WHAT YOU NEED TO KNOW:
- At least 192 people are reported missing and 75 are confirmed dead after Guatemala’s Fuego volcano exploded on Sunday, according to officials.
- Tuesday’s rescue efforts were suspended when a new eruption occurred, sending hot gas and molten rock flowing down the volcano’s slopes.
- Over 1.7 million residents have been affected by Fuego’s initial eruption, with more than 3,000 people evacuated.
Guatemala’s volcano had another eruption on Tuesday, suspending rescue efforts and prompting the evacuation of hundreds of villagers and rescue workers. Fuego’s first eruption came on Sunday without a warning. Villagers had little time to escape. Villages on the slopes were buried in volcanic ash and mud.
Tuesday’s explosion was unexpected after volcanologists said Sunday’s eruption was over for the near future.
Eddy Sanchez, the chief of Guatemala’s National Institute of Seismology, had assured that there will be “no imminent eruption over the next few days”.
Boris Rodriguez, one of the villagers, lost his loved ones in just a single night on Sunday. His wife, his wife’s parents, his brother and sister-in-law and their children died when the volcano erupted.
“I saw the children’s bodies. They were huddled together in the bed, like they were trying to hide from what was happening,” Mr. Rodriguez said.
His neighbors had the same fate. The village of El Rodeo was almost completely wiped off the map.
Disaster Relief Agency chief Sergio Cabanas reported that 192 people were unaccounted for. He admitted that there was no evacuation alert issued before Fuego erupted on Sunday.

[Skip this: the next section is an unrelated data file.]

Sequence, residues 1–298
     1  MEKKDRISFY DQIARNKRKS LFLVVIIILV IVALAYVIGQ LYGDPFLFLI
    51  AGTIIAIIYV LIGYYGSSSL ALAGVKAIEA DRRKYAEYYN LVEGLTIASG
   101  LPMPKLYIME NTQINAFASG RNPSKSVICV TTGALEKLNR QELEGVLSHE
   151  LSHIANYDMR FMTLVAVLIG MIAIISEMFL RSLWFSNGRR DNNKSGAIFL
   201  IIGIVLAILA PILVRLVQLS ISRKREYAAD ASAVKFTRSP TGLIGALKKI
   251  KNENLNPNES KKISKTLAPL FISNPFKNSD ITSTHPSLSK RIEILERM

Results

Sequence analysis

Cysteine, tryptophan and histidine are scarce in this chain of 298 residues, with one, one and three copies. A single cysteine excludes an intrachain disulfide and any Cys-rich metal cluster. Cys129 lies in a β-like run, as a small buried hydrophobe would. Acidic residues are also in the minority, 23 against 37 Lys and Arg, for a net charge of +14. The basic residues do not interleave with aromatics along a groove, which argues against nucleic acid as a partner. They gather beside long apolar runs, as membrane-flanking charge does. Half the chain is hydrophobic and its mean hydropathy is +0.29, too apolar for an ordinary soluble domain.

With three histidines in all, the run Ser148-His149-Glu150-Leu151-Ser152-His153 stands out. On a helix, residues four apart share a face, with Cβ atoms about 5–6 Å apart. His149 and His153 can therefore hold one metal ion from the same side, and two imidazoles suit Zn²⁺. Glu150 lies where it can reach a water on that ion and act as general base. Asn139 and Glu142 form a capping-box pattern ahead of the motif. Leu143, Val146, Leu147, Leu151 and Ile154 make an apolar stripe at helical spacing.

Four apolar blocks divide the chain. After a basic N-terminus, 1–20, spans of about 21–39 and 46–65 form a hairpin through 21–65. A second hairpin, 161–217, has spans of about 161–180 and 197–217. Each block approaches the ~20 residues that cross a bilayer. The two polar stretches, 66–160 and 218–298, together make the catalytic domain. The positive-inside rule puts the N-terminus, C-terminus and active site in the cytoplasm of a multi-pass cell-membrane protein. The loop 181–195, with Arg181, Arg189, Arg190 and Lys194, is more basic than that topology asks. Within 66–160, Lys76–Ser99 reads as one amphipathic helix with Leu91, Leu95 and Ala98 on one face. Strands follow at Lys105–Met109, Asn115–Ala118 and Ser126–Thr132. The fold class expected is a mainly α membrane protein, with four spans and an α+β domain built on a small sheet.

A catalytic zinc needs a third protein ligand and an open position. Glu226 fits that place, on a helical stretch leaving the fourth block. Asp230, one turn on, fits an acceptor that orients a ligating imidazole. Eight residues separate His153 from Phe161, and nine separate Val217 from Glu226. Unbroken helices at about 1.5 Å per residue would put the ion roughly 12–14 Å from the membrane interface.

Cabanas said that the locals had received training in emergency procedures but because the first eruption on Sunday happened too fast, they were not able to implement it.
Fuego, which means fire in Spanish, discharged pyroclastic materials flowing down the slopes, engulfing villages.
The risk from pyroclastic flows and volcanic mudflows, known as lahars, should not be underestimated, Volcanologist Dr. Janine Krippner told the BBC.
“Fuego is a very active volcano. It has deposited quite a bit of loose volcanic material and it is also in a rain-heavy area, so when heavy rains hit the volcano that is going to be washing the deposits away into these mudflows which carry a lot of debris and rock, Dr. Krippner said.
“They are extremely dangerous and deadly as well.”
A pyroclastic flow is a fast-moving mixture of gas and volcanic material, such as pumice and ash. Such flows are a common outcome of explosive volcanic eruptions, like the Fuego event, and are extremely dangerous to populations living downrange, the BBC wrote.
Pompeii and Herculaneum, Roman towns in Italy, were buried under a thick blanket of ash after the eruption of Mt. Vesuvius in 79 AD, producing a powerful pyroclastic flow.